Spotted hyenas may not be smarter than chimpanzees, but a new study shows that they outperform the primates on cooperative problem-solving tests.
Captive pairs of spotted hyenas (Crocuta crocuta) that needed to tug two ropes in unison to earn a food reward cooperated successfully and learned the maneuvers quickly with no training. Experienced hyenas even helped inexperienced partners do the trick.
When confronted with a similar task, chimpanzees and other primates often require extensive training and cooperation between individuals may not be easy, said Christine Drea, an evolutionary anthropologist at Duke University.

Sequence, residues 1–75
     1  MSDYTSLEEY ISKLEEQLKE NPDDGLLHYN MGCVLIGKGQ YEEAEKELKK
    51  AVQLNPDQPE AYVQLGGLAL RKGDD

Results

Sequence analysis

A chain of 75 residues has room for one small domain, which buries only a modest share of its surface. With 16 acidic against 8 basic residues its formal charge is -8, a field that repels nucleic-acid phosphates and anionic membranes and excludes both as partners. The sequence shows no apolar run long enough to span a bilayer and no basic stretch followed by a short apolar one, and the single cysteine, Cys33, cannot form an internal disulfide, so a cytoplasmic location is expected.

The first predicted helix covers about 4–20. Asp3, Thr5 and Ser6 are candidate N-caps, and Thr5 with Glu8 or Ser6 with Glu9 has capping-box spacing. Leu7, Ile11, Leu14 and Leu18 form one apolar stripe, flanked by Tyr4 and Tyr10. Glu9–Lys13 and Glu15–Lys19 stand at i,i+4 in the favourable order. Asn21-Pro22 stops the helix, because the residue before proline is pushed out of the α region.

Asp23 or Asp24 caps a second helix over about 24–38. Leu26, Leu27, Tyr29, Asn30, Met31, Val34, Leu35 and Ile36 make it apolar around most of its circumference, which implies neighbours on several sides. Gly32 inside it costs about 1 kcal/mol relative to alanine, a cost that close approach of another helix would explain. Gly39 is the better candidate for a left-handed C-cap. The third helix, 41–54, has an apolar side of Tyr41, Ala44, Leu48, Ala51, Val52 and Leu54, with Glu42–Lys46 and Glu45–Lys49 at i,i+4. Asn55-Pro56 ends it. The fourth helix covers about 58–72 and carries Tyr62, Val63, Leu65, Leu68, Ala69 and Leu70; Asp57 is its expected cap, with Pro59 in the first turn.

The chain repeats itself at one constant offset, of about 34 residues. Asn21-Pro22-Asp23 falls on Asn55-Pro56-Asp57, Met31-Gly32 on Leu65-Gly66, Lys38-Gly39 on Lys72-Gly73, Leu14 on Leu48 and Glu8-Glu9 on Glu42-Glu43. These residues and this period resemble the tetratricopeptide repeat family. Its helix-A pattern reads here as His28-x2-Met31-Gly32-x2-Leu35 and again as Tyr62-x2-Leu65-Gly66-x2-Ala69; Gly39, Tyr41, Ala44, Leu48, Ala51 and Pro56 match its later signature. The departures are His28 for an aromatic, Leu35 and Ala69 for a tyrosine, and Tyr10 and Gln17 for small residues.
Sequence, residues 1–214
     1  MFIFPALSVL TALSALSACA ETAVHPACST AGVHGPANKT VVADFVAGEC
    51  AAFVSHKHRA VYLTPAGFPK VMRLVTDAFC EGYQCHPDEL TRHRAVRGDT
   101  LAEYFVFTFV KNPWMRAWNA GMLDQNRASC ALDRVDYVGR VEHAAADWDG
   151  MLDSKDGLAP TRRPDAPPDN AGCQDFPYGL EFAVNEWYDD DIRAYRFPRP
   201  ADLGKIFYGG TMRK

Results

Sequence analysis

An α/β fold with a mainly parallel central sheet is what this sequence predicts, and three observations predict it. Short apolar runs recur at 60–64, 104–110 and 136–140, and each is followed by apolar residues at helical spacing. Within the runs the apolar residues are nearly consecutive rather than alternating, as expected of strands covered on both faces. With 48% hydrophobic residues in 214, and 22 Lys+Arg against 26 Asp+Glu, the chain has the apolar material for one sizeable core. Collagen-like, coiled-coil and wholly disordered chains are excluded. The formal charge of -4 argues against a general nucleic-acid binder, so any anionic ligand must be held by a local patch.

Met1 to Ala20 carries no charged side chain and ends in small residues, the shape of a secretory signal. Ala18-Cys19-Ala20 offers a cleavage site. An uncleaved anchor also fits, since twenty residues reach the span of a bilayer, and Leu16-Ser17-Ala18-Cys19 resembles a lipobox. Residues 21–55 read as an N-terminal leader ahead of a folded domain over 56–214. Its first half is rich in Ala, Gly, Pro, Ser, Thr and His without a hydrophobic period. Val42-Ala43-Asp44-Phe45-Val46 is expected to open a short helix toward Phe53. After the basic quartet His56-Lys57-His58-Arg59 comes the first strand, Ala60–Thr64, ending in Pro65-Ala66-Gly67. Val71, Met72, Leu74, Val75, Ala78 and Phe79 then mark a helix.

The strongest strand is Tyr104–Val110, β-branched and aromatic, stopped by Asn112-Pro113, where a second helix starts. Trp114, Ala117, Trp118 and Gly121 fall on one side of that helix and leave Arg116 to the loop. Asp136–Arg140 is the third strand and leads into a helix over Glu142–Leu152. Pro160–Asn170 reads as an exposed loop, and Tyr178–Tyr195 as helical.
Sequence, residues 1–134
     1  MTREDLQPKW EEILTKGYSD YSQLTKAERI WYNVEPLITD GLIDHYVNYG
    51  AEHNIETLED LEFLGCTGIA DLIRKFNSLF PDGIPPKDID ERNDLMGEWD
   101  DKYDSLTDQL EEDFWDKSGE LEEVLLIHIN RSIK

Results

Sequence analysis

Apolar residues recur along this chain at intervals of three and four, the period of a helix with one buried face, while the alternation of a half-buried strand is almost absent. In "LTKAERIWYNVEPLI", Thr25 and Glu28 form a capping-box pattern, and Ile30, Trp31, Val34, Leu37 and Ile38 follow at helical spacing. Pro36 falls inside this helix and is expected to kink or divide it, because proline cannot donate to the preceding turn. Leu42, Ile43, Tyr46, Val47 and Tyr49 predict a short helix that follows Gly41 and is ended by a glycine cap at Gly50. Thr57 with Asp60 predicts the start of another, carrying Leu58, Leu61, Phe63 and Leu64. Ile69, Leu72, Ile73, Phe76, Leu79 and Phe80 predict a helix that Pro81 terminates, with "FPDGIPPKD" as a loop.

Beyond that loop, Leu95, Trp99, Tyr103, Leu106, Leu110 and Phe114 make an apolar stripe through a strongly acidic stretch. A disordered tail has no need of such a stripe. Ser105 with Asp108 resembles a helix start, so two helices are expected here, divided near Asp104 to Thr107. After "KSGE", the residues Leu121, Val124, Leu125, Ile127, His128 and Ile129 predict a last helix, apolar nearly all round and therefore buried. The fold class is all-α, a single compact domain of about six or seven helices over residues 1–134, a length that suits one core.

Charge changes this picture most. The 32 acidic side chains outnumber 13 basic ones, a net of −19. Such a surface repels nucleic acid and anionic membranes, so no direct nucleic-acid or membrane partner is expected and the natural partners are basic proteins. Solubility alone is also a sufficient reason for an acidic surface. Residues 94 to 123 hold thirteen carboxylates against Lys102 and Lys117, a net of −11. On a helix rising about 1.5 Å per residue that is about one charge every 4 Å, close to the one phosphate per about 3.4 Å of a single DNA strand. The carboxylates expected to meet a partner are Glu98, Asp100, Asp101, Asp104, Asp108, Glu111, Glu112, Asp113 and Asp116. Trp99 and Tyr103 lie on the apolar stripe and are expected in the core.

I think this study supports the notion that "Intelligence" is not a simple, single thing, but a bundle of skills, some of them only loosely connected. Hyenas survive by hunting as a pack, so they are good at seeing how their actions will work together with those of a companion to achieve a desired goal: if I make this zebra turn while you go for the hind leg. . . . Chimps by contrast rarely do that sort of thing, so they aren't naturally good at it. On the other hand they were able to learn with enough work, which shows an advantage they have over hyenas: they can learn to do unnatural, unfamiliar things if they have to.